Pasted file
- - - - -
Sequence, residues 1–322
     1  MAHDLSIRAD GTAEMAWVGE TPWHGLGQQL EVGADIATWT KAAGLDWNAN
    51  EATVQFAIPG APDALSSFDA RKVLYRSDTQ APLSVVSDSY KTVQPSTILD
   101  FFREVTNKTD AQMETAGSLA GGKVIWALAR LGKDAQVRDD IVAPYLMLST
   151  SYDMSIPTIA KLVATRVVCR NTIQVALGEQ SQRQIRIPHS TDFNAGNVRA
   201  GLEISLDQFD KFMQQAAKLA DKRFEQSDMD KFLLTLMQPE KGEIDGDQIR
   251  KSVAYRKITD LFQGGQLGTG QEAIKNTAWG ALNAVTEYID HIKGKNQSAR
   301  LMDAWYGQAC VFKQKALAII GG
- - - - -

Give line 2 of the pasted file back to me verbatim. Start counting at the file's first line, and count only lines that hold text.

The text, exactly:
     1  MAHDLSIRAD GTAEMAWVGE TPWHGLGQQL EVGADIATWT KAAGLDWNAN